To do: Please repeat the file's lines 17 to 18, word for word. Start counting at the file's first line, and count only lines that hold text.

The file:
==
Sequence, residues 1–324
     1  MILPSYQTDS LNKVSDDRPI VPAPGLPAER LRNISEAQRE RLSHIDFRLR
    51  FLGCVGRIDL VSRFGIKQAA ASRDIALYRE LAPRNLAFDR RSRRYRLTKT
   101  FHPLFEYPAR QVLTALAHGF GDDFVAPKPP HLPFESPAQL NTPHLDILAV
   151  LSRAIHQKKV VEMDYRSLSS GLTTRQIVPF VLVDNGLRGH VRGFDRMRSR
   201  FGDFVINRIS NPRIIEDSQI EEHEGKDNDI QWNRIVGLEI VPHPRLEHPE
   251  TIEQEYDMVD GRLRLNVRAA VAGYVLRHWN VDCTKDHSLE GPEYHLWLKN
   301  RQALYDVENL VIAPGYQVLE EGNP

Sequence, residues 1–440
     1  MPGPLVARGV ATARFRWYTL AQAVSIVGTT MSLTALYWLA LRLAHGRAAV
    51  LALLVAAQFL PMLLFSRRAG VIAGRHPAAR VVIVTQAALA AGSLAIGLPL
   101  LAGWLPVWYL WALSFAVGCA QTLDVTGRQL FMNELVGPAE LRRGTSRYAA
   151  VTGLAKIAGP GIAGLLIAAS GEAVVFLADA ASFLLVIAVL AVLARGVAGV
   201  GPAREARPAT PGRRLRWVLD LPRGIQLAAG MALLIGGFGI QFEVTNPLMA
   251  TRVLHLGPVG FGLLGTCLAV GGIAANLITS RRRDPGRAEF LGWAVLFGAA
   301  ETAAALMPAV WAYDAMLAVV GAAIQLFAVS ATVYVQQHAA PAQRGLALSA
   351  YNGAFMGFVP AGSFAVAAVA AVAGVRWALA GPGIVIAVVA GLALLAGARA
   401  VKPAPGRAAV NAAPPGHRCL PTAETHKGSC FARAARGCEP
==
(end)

   351  YNGAFMGFVP AGSFAVAAVA AVAGVRWALA GPGIVIAVVA GLALLAGARA
   401  VKPAPGRAAV NAAPPGHRCL PTAETHKGSC FARAARGCEP